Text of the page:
For more information about each individual program, please see our detailed program overview and participant data below.

Program Detail

Aspiring Principal Programs

APs Rising | 57 aspiring principals

APs Rising is a suite of targeted opportunities designed to develop strong assistant principals (APs) and aspiring principals into excellent future principal candidates. During the 2020-21 school year, APs Rising includes:

Leadership Bridge Program for AP and Principal Pairs | This program includes on-the-job professional development for 25 AP and principal pairs. Through individualized coaching sessions from school leadership experts at New Leaders, the University of Illinois at Chicago's Urban Education Leadership Program, and Accelerate Institute, APs work in close collaboration with their principals to prepare for their future role. By the end of July, five APs in the program had secured principal contracts; several other participants are actively pursuing principal roles.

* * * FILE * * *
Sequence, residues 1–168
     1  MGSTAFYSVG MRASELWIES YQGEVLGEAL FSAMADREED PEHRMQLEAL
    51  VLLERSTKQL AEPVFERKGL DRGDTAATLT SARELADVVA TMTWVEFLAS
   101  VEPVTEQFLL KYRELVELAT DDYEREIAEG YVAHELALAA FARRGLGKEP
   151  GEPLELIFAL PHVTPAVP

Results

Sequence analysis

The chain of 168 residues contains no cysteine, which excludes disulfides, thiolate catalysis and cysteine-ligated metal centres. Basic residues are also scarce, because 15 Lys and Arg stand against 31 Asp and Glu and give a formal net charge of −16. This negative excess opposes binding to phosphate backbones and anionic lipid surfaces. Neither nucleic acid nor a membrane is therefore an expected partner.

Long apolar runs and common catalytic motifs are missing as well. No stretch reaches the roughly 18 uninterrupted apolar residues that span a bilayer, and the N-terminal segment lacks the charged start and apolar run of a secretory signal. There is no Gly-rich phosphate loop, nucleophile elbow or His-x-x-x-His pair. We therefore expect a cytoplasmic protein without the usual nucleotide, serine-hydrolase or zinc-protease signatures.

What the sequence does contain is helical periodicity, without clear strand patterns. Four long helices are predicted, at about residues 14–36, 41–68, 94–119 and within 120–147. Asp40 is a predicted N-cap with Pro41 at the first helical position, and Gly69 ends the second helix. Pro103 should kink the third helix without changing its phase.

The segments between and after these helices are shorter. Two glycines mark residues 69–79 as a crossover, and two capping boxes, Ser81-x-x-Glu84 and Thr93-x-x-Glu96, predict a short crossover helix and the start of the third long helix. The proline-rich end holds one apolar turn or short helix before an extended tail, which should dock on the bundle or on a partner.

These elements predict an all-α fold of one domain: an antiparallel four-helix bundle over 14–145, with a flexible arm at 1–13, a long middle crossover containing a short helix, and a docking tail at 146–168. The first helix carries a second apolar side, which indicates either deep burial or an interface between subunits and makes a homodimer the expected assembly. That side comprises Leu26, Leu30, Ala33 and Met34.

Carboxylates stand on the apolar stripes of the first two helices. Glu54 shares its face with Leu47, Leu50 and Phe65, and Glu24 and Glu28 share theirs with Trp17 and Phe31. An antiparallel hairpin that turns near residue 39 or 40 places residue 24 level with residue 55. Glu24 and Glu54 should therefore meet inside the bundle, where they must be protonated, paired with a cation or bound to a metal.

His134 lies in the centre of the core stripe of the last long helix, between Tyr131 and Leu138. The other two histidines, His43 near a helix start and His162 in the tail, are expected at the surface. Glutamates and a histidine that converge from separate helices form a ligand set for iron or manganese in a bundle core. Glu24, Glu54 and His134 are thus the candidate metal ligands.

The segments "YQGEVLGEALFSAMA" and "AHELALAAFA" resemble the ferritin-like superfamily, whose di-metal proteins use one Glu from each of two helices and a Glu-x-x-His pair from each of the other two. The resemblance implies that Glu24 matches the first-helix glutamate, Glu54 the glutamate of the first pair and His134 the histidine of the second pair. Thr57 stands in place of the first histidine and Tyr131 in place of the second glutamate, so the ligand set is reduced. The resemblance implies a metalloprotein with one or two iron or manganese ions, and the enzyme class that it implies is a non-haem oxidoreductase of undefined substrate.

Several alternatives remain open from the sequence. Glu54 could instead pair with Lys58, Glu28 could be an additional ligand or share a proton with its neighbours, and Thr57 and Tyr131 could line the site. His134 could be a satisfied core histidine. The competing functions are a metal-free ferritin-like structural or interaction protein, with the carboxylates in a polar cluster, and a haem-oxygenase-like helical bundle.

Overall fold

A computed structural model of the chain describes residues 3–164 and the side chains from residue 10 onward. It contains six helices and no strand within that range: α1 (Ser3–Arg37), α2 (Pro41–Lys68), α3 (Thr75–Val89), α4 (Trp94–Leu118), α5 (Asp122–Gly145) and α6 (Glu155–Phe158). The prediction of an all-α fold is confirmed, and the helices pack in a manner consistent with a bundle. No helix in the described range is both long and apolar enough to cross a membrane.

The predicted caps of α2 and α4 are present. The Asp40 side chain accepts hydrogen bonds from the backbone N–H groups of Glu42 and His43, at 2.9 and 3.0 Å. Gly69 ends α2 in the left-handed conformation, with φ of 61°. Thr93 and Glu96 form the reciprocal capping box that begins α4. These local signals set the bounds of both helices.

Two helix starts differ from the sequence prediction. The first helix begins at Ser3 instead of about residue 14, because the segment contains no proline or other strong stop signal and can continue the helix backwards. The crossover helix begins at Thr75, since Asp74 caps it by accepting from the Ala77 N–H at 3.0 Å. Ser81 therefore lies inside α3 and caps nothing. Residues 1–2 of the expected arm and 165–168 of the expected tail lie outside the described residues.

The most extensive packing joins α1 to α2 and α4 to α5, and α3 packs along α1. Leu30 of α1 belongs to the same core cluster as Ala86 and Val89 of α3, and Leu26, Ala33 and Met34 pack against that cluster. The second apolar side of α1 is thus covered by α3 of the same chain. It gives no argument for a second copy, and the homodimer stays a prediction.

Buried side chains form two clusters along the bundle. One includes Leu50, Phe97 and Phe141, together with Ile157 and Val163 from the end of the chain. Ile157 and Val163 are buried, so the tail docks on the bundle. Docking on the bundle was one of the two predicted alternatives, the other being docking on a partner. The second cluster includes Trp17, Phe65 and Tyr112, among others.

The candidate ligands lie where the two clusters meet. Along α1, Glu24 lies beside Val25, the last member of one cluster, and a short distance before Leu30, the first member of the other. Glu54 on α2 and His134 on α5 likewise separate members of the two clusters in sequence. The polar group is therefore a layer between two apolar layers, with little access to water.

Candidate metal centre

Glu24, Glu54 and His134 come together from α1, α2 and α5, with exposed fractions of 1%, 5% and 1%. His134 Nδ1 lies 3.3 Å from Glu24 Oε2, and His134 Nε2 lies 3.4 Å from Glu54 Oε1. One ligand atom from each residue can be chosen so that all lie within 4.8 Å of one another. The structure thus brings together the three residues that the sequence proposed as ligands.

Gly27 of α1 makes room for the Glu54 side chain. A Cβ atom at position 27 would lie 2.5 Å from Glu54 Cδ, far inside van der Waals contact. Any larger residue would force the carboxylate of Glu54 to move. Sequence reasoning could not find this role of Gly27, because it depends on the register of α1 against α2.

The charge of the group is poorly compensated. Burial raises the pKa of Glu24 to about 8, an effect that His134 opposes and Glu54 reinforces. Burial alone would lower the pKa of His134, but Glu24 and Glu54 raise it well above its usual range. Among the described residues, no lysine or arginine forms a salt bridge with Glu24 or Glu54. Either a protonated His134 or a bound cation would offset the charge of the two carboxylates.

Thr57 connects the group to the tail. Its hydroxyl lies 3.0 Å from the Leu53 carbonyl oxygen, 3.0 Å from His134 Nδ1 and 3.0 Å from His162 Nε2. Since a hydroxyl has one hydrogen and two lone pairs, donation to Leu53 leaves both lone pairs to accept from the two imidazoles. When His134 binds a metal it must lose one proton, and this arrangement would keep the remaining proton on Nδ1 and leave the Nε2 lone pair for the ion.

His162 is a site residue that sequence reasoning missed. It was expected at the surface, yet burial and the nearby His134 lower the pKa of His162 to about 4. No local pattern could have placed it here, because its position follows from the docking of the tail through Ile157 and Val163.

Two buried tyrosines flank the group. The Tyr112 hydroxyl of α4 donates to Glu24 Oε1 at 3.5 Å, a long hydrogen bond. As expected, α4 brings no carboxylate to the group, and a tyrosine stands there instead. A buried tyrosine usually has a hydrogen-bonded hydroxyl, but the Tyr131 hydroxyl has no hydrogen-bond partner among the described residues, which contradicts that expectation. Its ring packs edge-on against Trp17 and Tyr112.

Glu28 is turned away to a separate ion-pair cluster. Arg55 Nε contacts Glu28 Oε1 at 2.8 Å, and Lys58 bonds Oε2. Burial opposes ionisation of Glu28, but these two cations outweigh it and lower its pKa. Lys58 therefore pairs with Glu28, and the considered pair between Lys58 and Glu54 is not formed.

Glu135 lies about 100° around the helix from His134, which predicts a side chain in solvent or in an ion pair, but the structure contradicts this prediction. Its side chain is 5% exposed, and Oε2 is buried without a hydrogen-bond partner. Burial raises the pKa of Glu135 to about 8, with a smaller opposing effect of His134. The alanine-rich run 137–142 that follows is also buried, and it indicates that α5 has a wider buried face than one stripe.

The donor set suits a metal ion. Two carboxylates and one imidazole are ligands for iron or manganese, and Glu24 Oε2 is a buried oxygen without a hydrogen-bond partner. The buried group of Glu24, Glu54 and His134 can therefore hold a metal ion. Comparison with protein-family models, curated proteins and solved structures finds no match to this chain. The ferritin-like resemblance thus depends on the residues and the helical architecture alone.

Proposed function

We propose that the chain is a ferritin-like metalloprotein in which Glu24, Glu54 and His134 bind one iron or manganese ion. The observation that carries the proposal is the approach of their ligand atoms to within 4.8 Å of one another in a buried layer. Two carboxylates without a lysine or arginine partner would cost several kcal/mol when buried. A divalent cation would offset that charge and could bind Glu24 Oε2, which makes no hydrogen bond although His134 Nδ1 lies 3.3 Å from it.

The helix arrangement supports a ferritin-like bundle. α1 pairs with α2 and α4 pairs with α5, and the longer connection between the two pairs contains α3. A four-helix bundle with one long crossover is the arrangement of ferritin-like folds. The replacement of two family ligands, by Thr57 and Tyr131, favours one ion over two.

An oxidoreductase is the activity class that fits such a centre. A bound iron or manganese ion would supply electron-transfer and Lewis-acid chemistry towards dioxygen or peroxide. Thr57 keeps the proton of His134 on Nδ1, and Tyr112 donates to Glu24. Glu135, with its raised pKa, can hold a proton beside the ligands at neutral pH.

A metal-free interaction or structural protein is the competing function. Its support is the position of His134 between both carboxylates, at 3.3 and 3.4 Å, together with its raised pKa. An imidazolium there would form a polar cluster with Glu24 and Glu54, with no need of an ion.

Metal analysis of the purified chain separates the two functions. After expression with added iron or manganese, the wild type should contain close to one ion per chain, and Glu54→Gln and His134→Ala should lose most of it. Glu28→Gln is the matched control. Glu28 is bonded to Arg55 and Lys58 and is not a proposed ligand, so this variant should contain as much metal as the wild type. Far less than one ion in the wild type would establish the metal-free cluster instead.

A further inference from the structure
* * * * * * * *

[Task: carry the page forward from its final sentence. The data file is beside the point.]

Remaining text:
Aspiring Principal Professional Learning Community (PLC) | In 2020-21, three experienced CPS principals led 32 aspiring principals through nine learning sessions to develop practical knowledge about how to become a principal. An additional 14 aspiring principals participated in The Fund’s PLCs for principals, which cover a broader range of school leadership topics and are detailed below. All three PLCs completed the year virtually.